Everyone learns from mistakes. Health care professionals in particular learn a great deal from error-reporting systems and should be encouraged to use best practices to report errors when they occur.
Error-reporting systems represent one of the primary means by which health care providers learn about:
• Potential risks:
hazardous conditions hidden in processes
• Actual errors:
errors that occur during the delivery of patient care
• Causes of errors:
underlying weaknesses in systems and processes that explain why an error happened
• Error prevention:
ways to prevent recurrent events and, ultimately, patient harm
Error reporting is a fundamental component of a safety culture, but persuading health care workers to submit reports is not easy, given the potential disincentives to reporting. First, candid confessions of mistakes are not particularly popular. Individuals have a natural desire to correct the error and then forget that the incident ever happened. Even if workers are willing to speak up, they may believe that doing the extra work to report errors is not feasible or worth their time, especially if they feel that no changes will be enacted as a result of their reporting. Workers may also be reluctant to report if they fear that doing so will get them or their colleagues in trouble or impact their license and job.
Regardless of potential disincentives to report, some highly functional errorreporting systems exist, including the Institute for Safe Medication Practices Medication Errors Reporting Program. From these systems, best practices that promote error reporting can be identified. These best practices fall into 6 categories:
Those who receive and act on error reports must earn the trust of reporters and prove that the program is sensitive to reporters’ concerns—particularly the fear of punishment. Feelings of trust are fostered by leaders who demonstrate a clear passion for safety, acknowledge the high-risk nature of health care and human fallibility, and use errors to assess system performance, not staff performance.
Those who receive reports must keep the identity of the reporter, the names of the workers involved in the errors, and the location of the event confidential. Anonymity when reporting is not recommended, as those who receive the information would not be able to talk to the reporter or others involved in an error to learn about the causative factors. Anonymity also signals to reporters that it may not be safe to provide their identity or location. Removing identities after the error has been fully investigated is an option.
3. Clear and easy.
Those who receive reports must pay attention to the format and length of the required report. If the expected report is too long, it will stifle reporting; if the report is too short, it may not provide enough information to make it useful. Instead of broad, general questions, the report should prompt for a narrative description of the event and ask questions that are specific to the type of event (eg, medication error, fall, error when using a medical device) to prompt for the most pertinent information about the reporter’s perceptions, decisions, and actions. Event-reporting mechanisms should be easily accessible and include both formal and informal ways of accepting information (eg, oral, written, electronic).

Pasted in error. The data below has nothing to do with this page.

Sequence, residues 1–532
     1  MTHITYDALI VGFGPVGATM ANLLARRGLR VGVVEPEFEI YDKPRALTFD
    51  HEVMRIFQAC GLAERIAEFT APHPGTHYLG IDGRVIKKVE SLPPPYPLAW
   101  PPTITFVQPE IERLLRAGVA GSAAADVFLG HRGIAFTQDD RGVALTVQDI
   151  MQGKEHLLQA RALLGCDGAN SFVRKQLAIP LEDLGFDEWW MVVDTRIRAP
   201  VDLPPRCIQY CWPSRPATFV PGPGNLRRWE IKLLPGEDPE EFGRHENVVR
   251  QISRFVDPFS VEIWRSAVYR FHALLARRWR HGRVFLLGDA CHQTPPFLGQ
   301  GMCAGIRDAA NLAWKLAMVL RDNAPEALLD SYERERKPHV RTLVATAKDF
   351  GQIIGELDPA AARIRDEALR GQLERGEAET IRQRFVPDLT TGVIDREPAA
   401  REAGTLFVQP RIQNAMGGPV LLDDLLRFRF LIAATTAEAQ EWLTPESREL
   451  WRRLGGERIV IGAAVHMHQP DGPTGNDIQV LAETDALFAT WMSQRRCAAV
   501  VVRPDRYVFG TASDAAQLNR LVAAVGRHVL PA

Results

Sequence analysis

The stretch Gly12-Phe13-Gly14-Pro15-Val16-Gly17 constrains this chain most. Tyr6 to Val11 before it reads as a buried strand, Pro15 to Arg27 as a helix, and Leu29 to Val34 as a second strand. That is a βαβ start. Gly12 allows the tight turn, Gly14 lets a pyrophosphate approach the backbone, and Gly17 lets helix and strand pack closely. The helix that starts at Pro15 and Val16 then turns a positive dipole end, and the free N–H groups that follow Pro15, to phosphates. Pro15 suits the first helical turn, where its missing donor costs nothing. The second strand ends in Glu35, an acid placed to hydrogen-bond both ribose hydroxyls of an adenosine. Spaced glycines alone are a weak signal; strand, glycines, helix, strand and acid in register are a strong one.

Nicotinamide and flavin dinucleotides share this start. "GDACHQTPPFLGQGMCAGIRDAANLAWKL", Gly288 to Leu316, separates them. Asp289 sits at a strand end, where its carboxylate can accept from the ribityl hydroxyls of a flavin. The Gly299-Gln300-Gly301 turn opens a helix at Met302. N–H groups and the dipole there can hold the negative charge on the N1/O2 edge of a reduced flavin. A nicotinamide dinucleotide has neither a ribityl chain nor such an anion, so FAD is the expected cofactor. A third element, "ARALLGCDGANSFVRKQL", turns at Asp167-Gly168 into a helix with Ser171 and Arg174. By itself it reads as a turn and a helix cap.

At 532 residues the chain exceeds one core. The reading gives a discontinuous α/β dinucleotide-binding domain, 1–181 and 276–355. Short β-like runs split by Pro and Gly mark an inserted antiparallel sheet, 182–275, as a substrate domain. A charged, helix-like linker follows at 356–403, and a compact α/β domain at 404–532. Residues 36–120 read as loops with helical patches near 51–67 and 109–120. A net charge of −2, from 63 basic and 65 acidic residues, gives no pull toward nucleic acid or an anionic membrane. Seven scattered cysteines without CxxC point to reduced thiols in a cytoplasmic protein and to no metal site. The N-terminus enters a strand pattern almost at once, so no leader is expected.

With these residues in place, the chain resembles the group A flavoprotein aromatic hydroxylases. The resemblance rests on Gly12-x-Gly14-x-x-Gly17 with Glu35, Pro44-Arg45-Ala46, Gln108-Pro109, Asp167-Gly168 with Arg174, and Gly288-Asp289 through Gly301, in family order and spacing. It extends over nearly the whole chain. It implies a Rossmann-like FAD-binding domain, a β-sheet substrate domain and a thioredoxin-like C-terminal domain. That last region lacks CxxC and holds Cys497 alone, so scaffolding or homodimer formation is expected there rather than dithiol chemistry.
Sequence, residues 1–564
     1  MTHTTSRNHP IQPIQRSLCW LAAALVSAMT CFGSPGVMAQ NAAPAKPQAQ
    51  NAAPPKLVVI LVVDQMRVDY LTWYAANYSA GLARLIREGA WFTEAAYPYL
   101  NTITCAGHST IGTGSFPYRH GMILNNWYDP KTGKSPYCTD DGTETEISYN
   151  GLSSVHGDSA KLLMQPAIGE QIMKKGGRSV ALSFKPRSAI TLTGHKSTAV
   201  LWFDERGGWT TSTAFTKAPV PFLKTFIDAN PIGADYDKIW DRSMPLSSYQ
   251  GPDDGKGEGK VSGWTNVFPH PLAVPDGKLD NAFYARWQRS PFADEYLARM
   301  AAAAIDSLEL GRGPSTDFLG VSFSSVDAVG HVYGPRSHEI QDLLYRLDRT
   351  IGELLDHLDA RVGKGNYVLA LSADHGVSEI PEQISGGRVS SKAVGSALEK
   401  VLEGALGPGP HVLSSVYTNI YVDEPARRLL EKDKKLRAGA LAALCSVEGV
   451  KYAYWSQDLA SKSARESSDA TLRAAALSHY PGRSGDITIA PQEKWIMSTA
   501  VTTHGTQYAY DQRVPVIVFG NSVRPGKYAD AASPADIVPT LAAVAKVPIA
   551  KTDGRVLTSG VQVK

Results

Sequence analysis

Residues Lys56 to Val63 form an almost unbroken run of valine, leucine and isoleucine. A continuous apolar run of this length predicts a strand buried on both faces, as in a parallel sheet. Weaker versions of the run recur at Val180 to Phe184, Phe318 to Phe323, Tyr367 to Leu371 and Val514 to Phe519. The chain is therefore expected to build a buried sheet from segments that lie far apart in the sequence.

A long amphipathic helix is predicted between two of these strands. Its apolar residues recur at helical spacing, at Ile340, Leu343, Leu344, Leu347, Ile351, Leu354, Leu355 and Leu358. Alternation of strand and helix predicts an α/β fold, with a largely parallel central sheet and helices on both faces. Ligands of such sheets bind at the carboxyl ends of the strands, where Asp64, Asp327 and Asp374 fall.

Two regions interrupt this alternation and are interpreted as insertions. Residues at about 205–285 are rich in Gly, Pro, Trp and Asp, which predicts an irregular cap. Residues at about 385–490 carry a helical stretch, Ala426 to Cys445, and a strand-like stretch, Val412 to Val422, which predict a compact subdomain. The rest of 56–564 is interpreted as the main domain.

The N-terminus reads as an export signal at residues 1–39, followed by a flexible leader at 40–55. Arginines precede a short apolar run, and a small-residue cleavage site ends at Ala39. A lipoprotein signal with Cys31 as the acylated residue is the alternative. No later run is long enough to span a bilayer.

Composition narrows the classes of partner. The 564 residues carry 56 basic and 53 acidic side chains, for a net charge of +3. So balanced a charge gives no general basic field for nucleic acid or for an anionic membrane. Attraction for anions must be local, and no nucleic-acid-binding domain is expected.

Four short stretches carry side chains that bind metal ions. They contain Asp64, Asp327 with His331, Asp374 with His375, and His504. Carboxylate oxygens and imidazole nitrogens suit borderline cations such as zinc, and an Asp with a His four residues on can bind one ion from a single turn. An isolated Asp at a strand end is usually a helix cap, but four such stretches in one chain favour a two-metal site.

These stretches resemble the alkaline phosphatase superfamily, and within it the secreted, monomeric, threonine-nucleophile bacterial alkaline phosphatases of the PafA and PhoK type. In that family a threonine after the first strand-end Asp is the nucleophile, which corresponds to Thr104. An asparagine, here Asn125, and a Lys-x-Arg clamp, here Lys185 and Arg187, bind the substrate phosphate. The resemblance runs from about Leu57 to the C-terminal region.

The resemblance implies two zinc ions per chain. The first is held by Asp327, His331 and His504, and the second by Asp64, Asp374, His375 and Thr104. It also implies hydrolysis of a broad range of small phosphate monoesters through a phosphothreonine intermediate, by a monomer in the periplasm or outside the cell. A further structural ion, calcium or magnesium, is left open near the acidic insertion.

Recognition for playing a positive role in patient safety through reporting should be acknowledged by those who receive reports and by organizational leaders and managers. The largest reward is to know that the report resulted in effective system-level action.
5. Credible and useful.
Few things impede reporting more than perceived inaction and failure to use the information contained in a report to improve safety. Those who receive reports must provide employees with rapid and usable feedback about how reports are being used to improve systems.
6. Reinforced imperative.
Those who receive reports must establish mechanisms for mentoring new staff about the error-reporting process. Additionally, the importance of reporting hazards and errors should be stressed with all staff by including clear expectations for reporting activities on all job descriptions and performance evaluations.
Dr. Gaunt is a medication safety analyst and the editor of ISMP Medication Safety Alert! Community/ Ambulatory Care Edition.
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and the Institute for Safe Medication Practices (ISMP) would like to make community pharmacy practitioners aware of a publication that is available. The ISMP Medication Safety Alert! Community/ Ambulatory Care Edition is a monthly compilation of medication-related incidents, error-prevention recommendations, news, and editorial content designed to inform and alert community pharmacy practitioners to potentially hazardous situations that may affect patient safety. Individual subscription price is $52 per year for 12 monthly issues. Discounts are available for organizations with multiple pharmacy sites. This newsletter is delivered electronically. For more information, send an e‑mail message to firstname.lastname@example.org, or contact ISMP at 215-947-7797.